This morning at Sharkfest '12 being held at UC Berkeley, Steve Riley, technical director at Riverbed, bluntly opened his keynote with, "Cliff told you that the cloud is BS, so we are going to talk about BS."
Only 24 hours earlier, Cliff Stoll was facing the same audience packed with Wireshark pros proclaiming that the term "cloud' denies the existence of an enormous amount of infrastructure. As someone with a deep understanding of data transmission and networks, his point can be appreciated.
Riley is on equal footing with Stoll, but has a more amaicable view toward cloud computing. He spent an hour defending it and explained that the key to cloud success for enterprises is changing the habits of people who are used to having physical infrastructure. It's about enabling the cloud to unleash creativity.
In an homage to Stanford Law professor Lawrence Lessig, Riley likened the prevalant attitude toward the cloud to John Philip Sousa's views on how music recording would end live music performance as we knew it back a hundred years ago. Sousa was wrong because new tech creates new expectations, explained Riley. "It enables new expressive forms."
On the flipsde, there are a lot of things that go wrong in a utility computing model noted Riley. He then dived into three broad cloud lessons: architecture, security, and administration.
Riley spent most of his presentation on cloud development, listing several considerations such as scalability. In the cloud, the expection is that when you throw in more resources you get more performance, but only when you need it. And forget private cloud, or as a CTO at Amazon once called it, "the false cloud." Just because you sprinkle virtualization into your infrastructure, it's not cloud. And if you pay for it when not using it, it's not cloud. Cloud means the computing is metered and you only pay for what is used.
He then discussed loose coupling, which gives the cloud a high tolerance for variances in order to smooth out disruption spikes, and elasticity, which means you pay for what you use when you need it. Riley argued not to make assumptions about workloads (be ready for anything) and to use dynamic configurations for flexibility and speed in pushing out updates to users.
Next, Riley pointed out that the cloud needs security built in. "There are bad guys out there, so
assume threats and design security controls that reflect the likelihood of a threat to materialize and work backwards." He had more to say about secruity later in his talk.
And when it comes to computing constraints, don't fear them. In the cloud, you have on-demand assets that can be spun up and spun down, so if you need more RAM, spin up VMs. If a server is horned, just kill it -- don't bother troubleshooting or save it for later so that you can get your business back online as fast as possible. Need more performance? Look at caching.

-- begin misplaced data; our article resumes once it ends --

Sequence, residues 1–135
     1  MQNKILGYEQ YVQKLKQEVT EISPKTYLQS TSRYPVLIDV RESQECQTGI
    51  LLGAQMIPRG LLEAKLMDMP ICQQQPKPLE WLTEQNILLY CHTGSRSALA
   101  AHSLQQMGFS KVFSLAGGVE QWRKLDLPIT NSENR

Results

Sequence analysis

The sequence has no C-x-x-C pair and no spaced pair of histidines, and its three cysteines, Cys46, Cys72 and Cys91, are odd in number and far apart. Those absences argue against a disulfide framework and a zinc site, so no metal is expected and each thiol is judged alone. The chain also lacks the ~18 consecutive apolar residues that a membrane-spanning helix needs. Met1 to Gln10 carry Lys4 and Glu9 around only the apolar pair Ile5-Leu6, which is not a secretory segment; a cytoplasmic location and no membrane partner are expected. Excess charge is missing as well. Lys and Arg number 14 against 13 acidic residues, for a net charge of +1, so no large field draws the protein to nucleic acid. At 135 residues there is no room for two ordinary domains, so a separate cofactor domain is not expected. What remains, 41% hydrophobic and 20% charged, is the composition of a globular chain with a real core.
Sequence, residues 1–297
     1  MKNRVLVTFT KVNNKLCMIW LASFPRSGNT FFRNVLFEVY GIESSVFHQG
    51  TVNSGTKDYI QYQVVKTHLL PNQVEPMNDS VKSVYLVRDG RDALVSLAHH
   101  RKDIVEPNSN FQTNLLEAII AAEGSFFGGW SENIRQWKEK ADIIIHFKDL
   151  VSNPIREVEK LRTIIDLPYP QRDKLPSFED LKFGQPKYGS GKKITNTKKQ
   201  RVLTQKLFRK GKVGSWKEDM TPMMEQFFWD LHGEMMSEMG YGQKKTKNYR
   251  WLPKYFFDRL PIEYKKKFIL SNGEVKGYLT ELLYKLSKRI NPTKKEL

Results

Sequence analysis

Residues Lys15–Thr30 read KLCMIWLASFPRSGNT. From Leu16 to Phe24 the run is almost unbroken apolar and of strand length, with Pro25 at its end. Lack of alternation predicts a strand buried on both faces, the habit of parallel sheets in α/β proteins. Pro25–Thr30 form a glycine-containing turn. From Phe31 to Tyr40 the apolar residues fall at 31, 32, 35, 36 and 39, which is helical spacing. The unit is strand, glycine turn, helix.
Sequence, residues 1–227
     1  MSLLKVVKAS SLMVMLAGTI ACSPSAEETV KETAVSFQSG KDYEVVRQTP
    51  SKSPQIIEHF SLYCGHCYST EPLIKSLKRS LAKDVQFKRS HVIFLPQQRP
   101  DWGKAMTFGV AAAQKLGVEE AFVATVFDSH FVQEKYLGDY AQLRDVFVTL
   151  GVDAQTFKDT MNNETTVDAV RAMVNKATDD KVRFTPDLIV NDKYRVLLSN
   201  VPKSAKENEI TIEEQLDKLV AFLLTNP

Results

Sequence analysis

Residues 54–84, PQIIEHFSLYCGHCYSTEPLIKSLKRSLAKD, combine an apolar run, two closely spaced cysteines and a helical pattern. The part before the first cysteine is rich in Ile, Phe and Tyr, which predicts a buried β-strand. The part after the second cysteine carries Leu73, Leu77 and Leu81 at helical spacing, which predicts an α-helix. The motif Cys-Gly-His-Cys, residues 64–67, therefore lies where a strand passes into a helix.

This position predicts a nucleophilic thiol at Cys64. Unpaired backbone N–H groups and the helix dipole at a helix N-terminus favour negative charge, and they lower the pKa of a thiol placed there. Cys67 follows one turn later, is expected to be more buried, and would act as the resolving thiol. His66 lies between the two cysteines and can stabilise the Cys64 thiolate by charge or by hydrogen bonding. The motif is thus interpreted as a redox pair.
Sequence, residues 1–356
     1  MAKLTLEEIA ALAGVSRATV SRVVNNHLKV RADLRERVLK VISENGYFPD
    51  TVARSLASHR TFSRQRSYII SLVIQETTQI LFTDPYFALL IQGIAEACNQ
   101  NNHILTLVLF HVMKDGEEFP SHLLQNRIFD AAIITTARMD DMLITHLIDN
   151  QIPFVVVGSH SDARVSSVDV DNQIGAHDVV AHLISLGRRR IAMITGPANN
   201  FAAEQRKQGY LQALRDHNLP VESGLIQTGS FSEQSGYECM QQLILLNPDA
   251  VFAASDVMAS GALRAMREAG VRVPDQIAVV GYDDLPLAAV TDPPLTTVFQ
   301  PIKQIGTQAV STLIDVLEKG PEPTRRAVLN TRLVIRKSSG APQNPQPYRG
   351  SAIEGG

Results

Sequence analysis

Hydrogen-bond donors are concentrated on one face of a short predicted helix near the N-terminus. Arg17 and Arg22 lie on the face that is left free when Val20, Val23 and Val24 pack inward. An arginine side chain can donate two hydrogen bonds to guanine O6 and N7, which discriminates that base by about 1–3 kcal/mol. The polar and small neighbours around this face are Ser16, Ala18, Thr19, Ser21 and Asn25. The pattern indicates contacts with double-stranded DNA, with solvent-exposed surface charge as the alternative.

Riley also touched on "thinking parallel" and running cloud services across geographies for "shared nothing" operations. Lastly, he said to consider storage options because space in the cloud is essentially infinite. AWS S3 already has over one trillion objects, he said.
In a nutshell, Riley urged everyone to view servers as disposable horsepower -- it's all about the data; the containers don't matter anymore.
For most, there is belief that security in the cloud is possible, but they need to be convinced. The traditional IT model was based on location, which means you can claim ownership, which allows a sense of control and security. Therefore, the prominent thinking is that if it is not here, then it is not secure. Sure, but mobile phones are now the primary content creation and consumption devices for billions aross the world, but they don't serve as the storage device, pointed out Riley.
In 2009, IDC said that humans were creating an exabyte of data per day, which is a huge number. Where is all this data going? It is going to the cloud. So we have to stop believing that it is a fad, said Riley. Security in the cloud can be achieved by:
- Using SLAs that come with a penalty
- Auditable security standards that allow customers to actually prove it
- Digital signatures
This approach defends against attacks on availability, data theft, and data integrity attacks. Riley said that because configuration vulnerabilites are more prevalent than code vulnerabilities, the blend of pervasive automation and massive scale in the cloud means fewer humans involved, which translates to greater security. Moreover, by partnering with a cloud provider that has earned regulatory compliance certifications, you too are compliant by inclusion.
Lastly, Riley briefly discussed how IT roles must change and new skills are needed for the cloud age. In many cases people react with fear, but instead they can seize the opporunity to get IT better aligned with business, the age-old mantra that for many is finally starting to be realized.